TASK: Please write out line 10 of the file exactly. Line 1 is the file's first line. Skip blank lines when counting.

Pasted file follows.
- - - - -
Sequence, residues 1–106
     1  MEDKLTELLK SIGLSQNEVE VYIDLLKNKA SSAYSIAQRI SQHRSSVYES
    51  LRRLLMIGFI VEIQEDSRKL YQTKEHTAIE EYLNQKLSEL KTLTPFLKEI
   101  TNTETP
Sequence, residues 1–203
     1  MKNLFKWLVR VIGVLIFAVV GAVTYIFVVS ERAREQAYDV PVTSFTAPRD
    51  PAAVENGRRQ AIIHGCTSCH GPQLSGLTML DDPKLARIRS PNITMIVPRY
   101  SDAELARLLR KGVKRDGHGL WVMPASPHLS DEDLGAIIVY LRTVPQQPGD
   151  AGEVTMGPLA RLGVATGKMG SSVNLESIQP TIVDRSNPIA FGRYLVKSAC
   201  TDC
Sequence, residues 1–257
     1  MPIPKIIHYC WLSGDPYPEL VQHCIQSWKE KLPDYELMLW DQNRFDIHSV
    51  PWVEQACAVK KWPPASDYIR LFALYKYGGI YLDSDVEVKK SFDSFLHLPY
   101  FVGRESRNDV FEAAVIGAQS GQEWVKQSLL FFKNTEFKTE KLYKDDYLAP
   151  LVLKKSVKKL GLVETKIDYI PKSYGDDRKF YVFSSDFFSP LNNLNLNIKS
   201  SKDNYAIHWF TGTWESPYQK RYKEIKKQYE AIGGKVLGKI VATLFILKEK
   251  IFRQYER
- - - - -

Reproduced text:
   201  TDC